Weaknesses in some models of Cisco Systems Inc. IP telephones could allow the devices to be restarted by a Web attack or even taken over by a malicious network client, the company said last month. A software fix is available.
A Web-based attacker using common denial-of-service programs could cause a Cisco IP phone to restart, ending any call in progress. Phones could also be restarted using invalid HTTP requests to a Web server running on certain IP phone configurations.
The vulnerability affects Cisco 7910, 7940, and 7960 IP phones, which are used with the vendor’s Architecture for Voice, Vide and Integrated Data (AVVID) IP telephony phone system, based on CallManager software.
Cisco was the leading seller of IP phones last year according to Instat/MDR, and the company has an installed base of more than 500,000 IP phones and 6 million-plus VoIP system ports.
A software fix for affected IP phones can be obtained here.
Denial-of-service attacks based on well-known methods such as “jolt,” “jolt2,” “raped,” “hping2,” “bloop,” “bubonic,” “mutant,” “trash” and “trash2.” Could be used to shutdown an IP phone. Cisco says a software fix resolves this problem by allowing the IP phones to resist high rates of traffic directed to the phones.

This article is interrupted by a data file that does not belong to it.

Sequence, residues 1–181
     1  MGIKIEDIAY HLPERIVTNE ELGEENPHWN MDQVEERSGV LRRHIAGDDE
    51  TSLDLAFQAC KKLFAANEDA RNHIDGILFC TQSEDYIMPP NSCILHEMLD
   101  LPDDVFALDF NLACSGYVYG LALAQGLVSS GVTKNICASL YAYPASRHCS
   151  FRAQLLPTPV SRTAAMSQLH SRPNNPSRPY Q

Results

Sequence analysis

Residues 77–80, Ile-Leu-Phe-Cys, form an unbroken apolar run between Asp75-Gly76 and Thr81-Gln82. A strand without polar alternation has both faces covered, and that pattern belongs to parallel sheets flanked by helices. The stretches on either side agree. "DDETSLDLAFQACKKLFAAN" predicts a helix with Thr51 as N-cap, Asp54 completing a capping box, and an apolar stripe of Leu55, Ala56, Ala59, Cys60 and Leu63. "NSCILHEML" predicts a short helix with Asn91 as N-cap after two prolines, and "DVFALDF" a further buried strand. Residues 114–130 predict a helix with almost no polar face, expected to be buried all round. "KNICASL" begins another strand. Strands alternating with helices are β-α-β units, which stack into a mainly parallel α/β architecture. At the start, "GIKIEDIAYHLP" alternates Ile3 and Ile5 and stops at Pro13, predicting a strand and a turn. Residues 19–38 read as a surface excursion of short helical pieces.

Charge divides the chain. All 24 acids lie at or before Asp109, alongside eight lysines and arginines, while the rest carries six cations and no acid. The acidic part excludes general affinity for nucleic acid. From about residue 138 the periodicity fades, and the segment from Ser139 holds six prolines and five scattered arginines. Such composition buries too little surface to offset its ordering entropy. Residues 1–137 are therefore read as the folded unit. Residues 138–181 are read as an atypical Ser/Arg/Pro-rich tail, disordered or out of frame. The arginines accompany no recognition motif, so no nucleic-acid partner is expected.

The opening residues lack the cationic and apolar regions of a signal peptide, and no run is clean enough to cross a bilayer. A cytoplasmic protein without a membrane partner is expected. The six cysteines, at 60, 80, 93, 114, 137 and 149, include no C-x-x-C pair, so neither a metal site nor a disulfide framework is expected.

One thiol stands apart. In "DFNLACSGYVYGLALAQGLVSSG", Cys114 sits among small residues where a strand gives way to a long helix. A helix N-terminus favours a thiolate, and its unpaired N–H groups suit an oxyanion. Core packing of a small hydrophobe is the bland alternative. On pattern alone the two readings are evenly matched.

The Web vulnerability on Cisco phones stems from a built-in Web server on port 80 of the affected products, meant for administrators to access debugging and status information pages about the phone. By modifying an HTTP request to the phone, attackers could restart the devices via a Web connection.
Cisco IP phones running Session Initiation Protocol or Media Gateway Control Protocol software images are not susceptible to Web-based HTTP attacks, but could be affected by denial-of-service program attacks.
Cisco also warns that by physically accessing the phone and downloading software or reconfiguring the device, an attacker could set up an IP phone so that it could be taken over via a network connection.
“A successful attacker could gain full control over the operation of the IP Phone and any call setup requests and responses made between the IP Phone and Cisco CallManagers or other VoIP gateways,” according to a statement on Cisco’s Web site.